From WM. DENNIS, Esq., Wilmington, Del., Nov. 11, 1848.
I have received the Cæsar and Virgil of the classical series now in course of publication you and have for some time been using the Cæsar with a class. I am satisfied that these are better school editions of those authors than any others that I have ever seen.
From G. W. MEEKER, Esq., Chicago, Ill., Jan. 17, 1849.
I shall be happy to recommend them as the best and most accurate editions of the works I have ever seen. 5
KALTSCHMIDT'S LATIN DICTIONARY FOR SCHOOLS.
A SCHOOL DICTIONARY OF THE LATIN LANGUAGE,
BY DR. KALTSCHMIDT.
Forming one large royal 18mo, volume of 850 pages, closely printed in double columns and strongly bound.-Price, $130.
Also, Part I. Latin English, in one handsome volume, strongly bound, of nearly 500 pages.-Price, 90 cts.
Part II. English-Latin, nearly 400 pages, bound to match.-Price, 75 cts.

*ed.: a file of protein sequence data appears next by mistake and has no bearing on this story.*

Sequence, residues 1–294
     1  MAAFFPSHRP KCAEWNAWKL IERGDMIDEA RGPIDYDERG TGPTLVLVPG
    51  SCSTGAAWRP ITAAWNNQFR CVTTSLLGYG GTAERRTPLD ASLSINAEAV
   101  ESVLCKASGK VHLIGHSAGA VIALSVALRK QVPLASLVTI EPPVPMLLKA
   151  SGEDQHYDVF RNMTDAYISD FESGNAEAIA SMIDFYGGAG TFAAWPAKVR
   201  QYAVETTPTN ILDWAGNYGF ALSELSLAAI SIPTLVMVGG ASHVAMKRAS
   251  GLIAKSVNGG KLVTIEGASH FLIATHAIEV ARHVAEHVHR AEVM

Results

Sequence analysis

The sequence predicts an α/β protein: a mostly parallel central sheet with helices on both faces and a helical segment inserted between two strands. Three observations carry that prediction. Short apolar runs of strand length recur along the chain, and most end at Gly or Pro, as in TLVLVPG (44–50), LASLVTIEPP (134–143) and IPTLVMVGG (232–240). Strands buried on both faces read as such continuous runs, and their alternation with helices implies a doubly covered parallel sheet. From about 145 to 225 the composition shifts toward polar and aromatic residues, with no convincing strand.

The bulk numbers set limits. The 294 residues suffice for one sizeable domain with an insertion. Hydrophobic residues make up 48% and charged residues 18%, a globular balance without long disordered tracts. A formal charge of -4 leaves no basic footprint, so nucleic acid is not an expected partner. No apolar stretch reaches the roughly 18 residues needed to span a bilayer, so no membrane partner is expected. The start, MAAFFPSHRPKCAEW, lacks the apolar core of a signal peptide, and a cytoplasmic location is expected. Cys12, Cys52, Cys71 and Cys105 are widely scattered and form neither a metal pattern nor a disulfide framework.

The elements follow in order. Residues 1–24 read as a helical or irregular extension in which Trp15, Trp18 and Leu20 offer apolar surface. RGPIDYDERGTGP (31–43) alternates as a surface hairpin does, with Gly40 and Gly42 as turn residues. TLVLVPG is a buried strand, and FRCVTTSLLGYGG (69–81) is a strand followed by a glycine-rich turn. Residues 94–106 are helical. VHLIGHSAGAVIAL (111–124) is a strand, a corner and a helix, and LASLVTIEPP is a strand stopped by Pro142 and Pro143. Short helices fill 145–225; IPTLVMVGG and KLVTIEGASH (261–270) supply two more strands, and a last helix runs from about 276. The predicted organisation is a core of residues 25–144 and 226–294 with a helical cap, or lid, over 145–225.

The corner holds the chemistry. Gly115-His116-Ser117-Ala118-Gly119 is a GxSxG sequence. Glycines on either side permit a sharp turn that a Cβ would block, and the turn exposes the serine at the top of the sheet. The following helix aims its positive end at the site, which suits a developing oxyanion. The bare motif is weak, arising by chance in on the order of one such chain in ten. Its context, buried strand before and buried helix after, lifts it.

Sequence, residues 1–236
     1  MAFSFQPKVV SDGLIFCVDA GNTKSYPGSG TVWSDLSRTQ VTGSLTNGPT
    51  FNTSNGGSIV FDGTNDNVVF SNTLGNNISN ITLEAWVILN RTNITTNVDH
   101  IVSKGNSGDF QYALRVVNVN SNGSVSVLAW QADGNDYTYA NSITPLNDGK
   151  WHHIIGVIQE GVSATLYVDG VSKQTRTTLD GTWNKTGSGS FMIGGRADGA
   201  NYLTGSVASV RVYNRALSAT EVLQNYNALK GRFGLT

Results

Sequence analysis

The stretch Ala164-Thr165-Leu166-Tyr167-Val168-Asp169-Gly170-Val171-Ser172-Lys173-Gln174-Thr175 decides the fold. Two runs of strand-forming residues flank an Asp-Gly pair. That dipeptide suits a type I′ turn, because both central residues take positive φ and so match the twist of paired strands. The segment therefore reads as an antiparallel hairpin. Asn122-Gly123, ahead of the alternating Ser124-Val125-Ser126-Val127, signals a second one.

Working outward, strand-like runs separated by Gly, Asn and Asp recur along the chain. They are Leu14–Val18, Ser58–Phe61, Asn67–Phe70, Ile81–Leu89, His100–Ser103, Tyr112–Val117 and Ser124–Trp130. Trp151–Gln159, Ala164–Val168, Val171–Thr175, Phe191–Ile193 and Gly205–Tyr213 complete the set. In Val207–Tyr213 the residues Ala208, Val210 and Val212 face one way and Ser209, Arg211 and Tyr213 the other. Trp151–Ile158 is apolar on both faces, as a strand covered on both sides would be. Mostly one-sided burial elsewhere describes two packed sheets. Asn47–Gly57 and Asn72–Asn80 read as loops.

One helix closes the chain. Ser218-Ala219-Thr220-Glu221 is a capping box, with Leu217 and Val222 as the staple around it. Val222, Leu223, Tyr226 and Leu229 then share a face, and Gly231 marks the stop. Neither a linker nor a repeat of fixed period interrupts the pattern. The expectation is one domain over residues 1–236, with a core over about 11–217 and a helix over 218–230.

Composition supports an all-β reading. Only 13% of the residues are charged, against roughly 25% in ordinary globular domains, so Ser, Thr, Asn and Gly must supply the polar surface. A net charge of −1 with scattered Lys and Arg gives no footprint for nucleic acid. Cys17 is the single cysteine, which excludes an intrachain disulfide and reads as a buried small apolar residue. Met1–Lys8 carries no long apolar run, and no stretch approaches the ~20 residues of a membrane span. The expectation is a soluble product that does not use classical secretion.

While several valuable and copious Latin Lexicons have within a few years been published in this country, a want has long been felt and acknowledged of a good SCHOOL DICTIONARY, which within reasonable compass and at a moderate price should present to the student all the information requisite for his purposes, as elucidated by the most recent investigations, and at the same time unincumbered with erudition useful only to the advanced scholar, and increasing the size and cost of the work beyond the reach of a large portion of the community. It is with this view especially that the present work has been prepared, and the names of its distinguished authors are a sufficient guarantee that this intention has b en skilfully and accurately carried out. The present volume has been compiled by Dr. Kaltschmidt, the well-known German Lexicographer, from the best Latin Dictionaries now in use throughout Europe, and has been carefully revised by Dr. Leonhard Schmitz. Learned discussions and disquisitions could not be introduced, as incompatible with the objects for which the Dictionary is intended, and because they would have swelled considerably the bulk of the volume. On the other hand, it has been thought advisable to give, as far as possible, the etymology of each word, not only tracing it to its Latin or Greek root, but to roots or kindred forms of words occurring in the cognate languages of the great Indo-Germanic family This feature, which distinguishes the present Dictionary from all others, cannot fail to awaken the learner to the interesting fact of the radical identity of many apparently heterogeneous languages, and prepare him at an early stage for the delightful study of comparative philology